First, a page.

However, Europe’s semiconductor industry has encountered various complications in recent years, with the likes of the COVID-19 pandemic and geopolitical instability bringing about unforeseen challenges and turbulence. And with the technology market already grappling with multiple critical factors – including inflation, reduced consumer spending, increased labour strikes in Europe, escalating energy prices, and more – the impact has been particularly poignant.Add this to Europe’s heavy reliance on Asia for semiconductors making it all the more vulnerable during recent periods of supply chain instability, and it’s clear resilient changes are needed. But in the midst of these challenges, a relatively new player entered the scene capable of fortifying Europe's semiconductor sector: Turkey.
Turkey’s expanding role in the semiconductor industryAs the traditional trade routes from Asia have faced mounting pressure in recent years, European companies are actively focusing on strengthening intra-European connections through . Semiconductors and their availability remain critical for several core European industries, but near-sourcing opportunities have typically been sparse given that Europe consumes twice as many chips as it produces. However, the European Union is taking action and is set to invest over €43 billion in bolstering its own semiconductor production by 2030.
Supply chain impact in EuropeThe tech market's growing emphasis on intra-European connections is inevitably reshaping supply chains. While connections to and from Asia and North America continue to dominate, regionalisation means the industry has become more flexible and increasingly capable of offering European alternatives.
A recent Reuters whitepaper on technology supply chains suggests that many European tech companies are factoring in two crucial aspects when re-evaluating their supply chains. Firstly, they are decentralising away from low-cost production centres to reduce the risk of disruptions or shutdowns from unforeseen events. Secondly, there is a heightened focus on shifting production closer to end markets for higher-margin products. This means that countries in close proximity to consumer centres, like Turkey, have assumed greater importance for European markets.Therefore, Turkey's growing role in the European semiconductor industry represents a significant step toward strengthening supply chains and promoting technological self-sufficiency. Nevertheless, it is imperative to analyse this development critically and consider the associated risks. On one hand, Turkey presents Europe with the opportunity to diversify semiconductor sources and reduce reliance on external suppliers. It also contributes to the growth of the Turkish technology sector, thereby fostering economic development. On the other hand, Europe must ensure the reliability, quality, and security of semiconductor supply chains from Turkey and continuously adapt its strategies to the evolving dynamics of the industry and global landscape.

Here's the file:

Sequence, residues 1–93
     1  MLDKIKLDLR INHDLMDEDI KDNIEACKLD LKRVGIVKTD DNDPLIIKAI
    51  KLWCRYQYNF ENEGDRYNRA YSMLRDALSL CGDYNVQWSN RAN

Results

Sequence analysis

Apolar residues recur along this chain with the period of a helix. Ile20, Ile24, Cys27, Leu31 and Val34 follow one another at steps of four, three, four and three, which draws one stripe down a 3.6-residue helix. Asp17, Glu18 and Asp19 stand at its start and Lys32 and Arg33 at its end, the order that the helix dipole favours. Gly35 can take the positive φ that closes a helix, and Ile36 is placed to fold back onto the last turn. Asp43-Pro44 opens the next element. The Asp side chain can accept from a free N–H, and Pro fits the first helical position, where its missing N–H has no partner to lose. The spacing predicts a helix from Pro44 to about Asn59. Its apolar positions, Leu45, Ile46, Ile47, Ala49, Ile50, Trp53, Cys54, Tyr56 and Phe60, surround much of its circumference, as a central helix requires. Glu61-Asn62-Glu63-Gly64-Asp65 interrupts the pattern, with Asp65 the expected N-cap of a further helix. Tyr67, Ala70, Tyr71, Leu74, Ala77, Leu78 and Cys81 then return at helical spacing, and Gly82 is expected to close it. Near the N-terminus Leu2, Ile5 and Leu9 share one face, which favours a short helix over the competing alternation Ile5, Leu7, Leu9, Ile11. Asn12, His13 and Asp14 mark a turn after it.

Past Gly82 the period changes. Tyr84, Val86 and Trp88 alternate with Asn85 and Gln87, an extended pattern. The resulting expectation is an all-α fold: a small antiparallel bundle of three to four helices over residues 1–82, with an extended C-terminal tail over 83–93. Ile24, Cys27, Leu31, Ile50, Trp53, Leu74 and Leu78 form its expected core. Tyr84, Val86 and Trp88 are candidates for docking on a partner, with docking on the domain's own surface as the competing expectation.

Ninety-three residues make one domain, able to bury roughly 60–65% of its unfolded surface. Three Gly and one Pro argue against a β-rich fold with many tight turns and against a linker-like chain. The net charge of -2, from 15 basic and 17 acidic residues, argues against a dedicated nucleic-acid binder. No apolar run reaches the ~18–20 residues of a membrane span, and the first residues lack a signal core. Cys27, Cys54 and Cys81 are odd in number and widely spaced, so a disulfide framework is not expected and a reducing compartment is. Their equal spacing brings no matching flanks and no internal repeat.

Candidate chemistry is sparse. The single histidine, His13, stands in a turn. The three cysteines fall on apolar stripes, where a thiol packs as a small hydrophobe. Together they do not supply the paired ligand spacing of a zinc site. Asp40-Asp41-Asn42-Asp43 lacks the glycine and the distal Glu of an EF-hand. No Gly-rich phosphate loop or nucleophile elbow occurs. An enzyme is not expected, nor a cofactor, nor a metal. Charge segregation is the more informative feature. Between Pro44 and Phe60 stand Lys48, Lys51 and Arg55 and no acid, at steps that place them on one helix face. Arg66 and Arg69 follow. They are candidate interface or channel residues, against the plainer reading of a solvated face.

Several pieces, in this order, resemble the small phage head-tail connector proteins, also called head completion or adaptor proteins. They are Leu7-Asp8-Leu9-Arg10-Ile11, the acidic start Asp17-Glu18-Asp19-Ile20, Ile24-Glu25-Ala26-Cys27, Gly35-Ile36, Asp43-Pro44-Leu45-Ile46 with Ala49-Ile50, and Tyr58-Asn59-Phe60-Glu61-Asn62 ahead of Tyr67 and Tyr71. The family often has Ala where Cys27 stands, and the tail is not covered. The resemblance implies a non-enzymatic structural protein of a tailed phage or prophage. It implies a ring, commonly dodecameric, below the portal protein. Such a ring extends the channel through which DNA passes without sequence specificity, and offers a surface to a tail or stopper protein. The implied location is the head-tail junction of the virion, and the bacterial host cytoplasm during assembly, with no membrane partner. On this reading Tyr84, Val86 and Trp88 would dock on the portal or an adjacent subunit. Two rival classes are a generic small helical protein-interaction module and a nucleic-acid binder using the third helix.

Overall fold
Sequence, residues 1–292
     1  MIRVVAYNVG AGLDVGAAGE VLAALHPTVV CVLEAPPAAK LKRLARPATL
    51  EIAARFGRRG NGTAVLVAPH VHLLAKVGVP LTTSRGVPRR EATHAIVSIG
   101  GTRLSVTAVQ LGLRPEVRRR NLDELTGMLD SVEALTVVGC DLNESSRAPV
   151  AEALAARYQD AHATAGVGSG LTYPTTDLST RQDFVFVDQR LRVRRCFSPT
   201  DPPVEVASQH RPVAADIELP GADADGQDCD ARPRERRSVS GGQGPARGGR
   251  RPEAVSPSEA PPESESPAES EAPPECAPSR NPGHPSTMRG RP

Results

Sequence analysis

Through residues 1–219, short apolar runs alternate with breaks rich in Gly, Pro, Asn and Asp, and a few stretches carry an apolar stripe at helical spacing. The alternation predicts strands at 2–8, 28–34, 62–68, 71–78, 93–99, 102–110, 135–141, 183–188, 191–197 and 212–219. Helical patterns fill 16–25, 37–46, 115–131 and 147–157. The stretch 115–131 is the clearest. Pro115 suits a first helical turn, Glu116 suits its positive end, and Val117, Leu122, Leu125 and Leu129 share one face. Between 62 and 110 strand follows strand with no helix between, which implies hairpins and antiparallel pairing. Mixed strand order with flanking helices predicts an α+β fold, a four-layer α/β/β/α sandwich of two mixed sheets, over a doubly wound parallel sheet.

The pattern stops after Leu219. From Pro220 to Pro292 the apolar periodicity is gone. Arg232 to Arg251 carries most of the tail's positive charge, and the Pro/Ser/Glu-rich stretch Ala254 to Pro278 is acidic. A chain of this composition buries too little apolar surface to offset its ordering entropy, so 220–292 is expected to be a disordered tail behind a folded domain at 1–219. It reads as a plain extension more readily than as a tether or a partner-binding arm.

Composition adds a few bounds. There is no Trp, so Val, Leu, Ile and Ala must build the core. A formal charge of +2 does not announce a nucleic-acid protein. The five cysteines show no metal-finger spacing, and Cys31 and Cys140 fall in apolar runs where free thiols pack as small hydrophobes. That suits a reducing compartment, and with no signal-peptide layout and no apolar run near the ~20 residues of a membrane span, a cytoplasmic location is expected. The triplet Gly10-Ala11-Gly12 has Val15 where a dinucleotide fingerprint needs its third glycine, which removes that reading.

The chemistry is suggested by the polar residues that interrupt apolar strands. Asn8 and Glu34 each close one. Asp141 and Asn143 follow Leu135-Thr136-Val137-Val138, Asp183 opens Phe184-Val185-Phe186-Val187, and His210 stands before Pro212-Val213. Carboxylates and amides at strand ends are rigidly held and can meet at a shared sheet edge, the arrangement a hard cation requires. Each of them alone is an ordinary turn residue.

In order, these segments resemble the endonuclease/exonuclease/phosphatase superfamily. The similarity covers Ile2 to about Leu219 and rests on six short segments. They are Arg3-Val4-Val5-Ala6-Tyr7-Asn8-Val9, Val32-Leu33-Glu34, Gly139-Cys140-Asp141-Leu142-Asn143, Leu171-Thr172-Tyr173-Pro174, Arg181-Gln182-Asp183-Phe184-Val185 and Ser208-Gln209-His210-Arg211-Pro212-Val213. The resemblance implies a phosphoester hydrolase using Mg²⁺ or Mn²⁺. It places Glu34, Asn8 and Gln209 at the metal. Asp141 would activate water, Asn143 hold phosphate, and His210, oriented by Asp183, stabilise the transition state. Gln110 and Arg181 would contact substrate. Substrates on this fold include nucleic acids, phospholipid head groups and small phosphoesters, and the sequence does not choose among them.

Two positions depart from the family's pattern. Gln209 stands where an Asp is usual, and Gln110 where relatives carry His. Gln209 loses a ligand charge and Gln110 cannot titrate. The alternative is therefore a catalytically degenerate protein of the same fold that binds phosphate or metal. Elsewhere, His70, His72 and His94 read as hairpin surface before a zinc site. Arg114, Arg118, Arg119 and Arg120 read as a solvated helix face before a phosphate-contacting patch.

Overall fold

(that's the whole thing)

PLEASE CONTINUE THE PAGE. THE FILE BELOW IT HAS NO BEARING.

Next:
Government incentives are indeed nice to have because they can influence investment decisions. But the greatest value that the government brings is creating the right framework for the success of long-term projects through political and economic stability. Thus, policy continuity and trade condition stability are the crucial components to develop a mature ecosystem with qualified workforces. This focus trumps a short-term government incentive.